Supporting exploration of large databases attracts lots of attention these days, with many approaches flourishing in the literature (e.g., query recommendation, query reuse, query personalization, to name a few). Exploratory OLAP (On-Line Analytical Processing) over data warehouses can be seen as an ideal use case, in the sense that it aims at supporting the navigation and analysis of the most interesting data using the best possible perspectives. However, while OLAP is now a mature, efficient technology, very little attention has been paid to the effectiveness of the analysis and the user-friendliness of a technology often considered tedious of use.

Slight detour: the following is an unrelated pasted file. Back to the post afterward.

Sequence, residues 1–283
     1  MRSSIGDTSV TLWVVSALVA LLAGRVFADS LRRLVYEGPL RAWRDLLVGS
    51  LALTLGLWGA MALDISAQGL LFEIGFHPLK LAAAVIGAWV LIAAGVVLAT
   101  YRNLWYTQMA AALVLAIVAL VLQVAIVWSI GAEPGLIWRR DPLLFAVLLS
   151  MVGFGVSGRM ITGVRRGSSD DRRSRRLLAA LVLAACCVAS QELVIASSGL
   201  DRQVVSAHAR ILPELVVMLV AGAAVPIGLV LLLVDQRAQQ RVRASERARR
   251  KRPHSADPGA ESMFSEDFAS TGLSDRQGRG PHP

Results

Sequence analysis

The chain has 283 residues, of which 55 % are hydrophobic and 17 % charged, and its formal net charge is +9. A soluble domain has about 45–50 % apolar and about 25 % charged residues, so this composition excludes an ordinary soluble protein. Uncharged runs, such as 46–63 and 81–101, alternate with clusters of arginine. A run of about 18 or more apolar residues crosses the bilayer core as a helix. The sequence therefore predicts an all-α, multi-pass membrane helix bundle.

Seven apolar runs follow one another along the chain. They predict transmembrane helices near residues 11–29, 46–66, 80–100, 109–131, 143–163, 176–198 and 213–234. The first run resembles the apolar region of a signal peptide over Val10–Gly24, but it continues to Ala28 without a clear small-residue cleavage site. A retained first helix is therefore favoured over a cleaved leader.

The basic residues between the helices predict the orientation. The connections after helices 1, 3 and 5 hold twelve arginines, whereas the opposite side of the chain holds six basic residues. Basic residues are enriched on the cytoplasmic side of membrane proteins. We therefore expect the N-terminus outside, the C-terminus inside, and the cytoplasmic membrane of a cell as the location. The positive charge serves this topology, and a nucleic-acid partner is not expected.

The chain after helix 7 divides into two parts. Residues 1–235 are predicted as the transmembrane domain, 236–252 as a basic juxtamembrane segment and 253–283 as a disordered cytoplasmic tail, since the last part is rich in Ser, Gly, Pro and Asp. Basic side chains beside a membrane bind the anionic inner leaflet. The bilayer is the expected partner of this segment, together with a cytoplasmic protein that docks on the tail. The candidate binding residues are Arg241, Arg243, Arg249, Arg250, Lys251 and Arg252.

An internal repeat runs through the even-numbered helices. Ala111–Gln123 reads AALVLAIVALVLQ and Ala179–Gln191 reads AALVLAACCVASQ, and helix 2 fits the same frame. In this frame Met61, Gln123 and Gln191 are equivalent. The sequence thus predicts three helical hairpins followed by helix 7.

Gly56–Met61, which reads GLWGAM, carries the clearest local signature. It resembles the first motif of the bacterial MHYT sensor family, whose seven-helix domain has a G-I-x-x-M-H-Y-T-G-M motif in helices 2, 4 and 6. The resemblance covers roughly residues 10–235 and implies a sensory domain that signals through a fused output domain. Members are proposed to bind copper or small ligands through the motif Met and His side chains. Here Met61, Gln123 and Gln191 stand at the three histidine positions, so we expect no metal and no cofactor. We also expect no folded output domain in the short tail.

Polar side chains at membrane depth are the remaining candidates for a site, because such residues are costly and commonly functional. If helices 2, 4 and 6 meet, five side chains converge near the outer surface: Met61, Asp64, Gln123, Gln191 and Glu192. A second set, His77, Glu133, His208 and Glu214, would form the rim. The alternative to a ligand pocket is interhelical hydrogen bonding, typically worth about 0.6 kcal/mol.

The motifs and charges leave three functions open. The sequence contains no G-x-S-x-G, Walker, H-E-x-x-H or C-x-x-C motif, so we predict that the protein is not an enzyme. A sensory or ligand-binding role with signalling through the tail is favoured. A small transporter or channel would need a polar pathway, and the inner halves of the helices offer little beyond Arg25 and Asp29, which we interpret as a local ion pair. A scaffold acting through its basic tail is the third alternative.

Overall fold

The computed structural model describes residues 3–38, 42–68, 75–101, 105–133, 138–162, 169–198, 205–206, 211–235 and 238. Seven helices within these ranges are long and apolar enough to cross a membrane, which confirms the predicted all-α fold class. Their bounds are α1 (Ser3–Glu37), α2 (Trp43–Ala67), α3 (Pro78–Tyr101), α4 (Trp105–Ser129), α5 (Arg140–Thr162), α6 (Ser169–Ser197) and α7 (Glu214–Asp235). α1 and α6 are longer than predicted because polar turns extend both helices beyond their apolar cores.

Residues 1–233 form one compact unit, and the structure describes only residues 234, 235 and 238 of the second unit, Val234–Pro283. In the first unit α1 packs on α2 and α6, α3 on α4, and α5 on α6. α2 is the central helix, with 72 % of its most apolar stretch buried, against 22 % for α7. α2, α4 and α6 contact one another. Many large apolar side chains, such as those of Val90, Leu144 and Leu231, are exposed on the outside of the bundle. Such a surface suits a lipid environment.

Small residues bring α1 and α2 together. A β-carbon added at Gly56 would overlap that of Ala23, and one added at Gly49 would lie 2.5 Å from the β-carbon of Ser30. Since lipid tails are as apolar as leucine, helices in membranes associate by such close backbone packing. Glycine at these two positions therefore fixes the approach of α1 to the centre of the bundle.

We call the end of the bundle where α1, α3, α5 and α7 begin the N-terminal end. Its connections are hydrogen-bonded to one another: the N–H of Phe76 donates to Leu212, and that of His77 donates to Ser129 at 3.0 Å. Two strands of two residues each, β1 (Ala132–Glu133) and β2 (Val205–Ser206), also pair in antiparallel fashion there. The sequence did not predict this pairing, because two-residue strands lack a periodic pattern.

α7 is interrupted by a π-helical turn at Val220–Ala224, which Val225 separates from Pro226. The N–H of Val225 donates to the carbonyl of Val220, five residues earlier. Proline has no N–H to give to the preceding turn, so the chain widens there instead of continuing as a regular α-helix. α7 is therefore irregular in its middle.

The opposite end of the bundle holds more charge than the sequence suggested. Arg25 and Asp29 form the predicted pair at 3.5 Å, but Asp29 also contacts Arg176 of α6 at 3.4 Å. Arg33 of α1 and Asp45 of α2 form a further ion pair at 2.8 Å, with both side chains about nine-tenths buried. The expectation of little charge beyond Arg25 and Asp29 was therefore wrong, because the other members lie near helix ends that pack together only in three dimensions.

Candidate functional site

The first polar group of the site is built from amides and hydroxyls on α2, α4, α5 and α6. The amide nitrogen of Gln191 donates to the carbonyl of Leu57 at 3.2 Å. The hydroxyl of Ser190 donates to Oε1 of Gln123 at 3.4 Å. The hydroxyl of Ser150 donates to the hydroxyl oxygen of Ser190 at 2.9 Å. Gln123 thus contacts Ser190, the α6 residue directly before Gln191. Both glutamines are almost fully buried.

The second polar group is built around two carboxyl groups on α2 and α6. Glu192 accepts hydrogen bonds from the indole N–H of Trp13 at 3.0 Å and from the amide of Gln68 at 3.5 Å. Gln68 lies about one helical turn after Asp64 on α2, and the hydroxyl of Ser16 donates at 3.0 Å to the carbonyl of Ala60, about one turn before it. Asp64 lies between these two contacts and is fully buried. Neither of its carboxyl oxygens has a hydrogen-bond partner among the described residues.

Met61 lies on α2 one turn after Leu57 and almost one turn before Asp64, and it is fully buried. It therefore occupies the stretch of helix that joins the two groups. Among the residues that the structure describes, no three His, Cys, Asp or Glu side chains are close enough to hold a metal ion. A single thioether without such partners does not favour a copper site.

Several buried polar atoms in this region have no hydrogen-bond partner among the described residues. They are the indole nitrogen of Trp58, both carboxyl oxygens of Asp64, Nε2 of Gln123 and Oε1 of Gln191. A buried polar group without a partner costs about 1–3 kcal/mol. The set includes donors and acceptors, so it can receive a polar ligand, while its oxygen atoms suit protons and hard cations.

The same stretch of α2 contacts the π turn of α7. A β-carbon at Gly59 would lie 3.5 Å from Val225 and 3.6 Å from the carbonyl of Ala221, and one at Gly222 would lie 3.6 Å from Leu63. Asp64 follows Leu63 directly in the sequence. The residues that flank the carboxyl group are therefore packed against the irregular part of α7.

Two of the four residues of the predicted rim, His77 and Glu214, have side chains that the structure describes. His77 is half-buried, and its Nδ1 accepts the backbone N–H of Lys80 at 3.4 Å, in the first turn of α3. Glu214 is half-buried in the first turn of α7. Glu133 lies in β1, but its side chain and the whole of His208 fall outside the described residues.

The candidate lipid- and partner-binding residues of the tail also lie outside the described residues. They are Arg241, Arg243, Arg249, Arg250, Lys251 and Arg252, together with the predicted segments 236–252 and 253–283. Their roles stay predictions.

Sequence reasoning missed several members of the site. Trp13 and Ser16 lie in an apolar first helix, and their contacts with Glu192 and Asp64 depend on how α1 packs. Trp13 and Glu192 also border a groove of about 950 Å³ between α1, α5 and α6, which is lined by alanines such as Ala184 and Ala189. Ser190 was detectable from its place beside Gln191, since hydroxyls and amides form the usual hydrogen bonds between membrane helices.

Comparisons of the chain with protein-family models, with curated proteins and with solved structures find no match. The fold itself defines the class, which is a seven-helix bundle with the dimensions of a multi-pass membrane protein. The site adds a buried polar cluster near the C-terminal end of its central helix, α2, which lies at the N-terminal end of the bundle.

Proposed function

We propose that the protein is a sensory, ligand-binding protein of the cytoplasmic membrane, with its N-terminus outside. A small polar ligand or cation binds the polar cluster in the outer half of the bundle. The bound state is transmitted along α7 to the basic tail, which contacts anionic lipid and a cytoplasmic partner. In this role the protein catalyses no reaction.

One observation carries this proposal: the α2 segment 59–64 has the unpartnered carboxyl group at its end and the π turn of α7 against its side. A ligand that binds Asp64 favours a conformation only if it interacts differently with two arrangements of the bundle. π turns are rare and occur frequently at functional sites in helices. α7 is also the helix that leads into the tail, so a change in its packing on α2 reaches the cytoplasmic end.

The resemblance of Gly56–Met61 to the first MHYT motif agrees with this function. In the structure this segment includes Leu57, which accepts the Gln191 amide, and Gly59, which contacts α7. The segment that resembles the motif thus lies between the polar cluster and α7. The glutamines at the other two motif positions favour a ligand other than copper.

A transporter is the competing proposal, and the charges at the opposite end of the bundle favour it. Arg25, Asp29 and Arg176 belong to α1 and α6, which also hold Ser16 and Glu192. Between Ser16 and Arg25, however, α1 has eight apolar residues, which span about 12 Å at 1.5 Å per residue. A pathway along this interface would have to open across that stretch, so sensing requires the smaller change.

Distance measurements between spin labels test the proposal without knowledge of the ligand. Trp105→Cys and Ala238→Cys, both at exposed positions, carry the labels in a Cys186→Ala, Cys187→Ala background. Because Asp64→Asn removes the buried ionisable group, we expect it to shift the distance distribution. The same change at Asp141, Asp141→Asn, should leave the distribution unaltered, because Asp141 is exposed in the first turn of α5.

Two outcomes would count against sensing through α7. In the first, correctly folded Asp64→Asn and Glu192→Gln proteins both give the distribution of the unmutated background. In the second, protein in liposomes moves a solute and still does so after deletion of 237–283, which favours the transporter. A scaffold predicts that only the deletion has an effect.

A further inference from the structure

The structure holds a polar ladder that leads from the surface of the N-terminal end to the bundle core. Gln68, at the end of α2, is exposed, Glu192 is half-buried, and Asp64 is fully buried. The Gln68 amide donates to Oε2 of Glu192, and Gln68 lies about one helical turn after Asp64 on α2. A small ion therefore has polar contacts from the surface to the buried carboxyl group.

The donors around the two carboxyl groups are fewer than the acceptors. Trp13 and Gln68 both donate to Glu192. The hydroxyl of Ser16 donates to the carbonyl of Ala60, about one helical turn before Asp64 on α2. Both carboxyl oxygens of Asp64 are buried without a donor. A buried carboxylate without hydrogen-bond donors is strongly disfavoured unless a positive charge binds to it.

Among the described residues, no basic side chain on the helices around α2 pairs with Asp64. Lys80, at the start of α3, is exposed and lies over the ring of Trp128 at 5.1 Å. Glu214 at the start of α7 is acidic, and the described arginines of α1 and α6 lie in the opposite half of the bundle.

This work summarizes various contributions to developing user-centric OLAP, focusing on the use of former queries to enhance subsequent analyses. We first introduce a logical model to describe and manipulate queries and logs, including a language parametrized by binary relations over analytical sessions. In particular, these relations can be specialization relations or based on similarity measures tailored for OLAP queries and sessions. We then describe how logs can be mined for knowledge representing the user behavior. This knowledge includes simple preferences, navigational habits and discoveries made during former explorations. We show how it can be used in various query personalization or query recommendation approaches, that vary in terms of formulation effort, proactiveness, prescriptiveness and expressive power. We present Falseto (Former AnalyticaL Sessions for lEss Tedious Olap), a research prototype that embodies this work. Finally, we conclude by outlining the development of a benchmark for assessing user-centric OLAP explorations.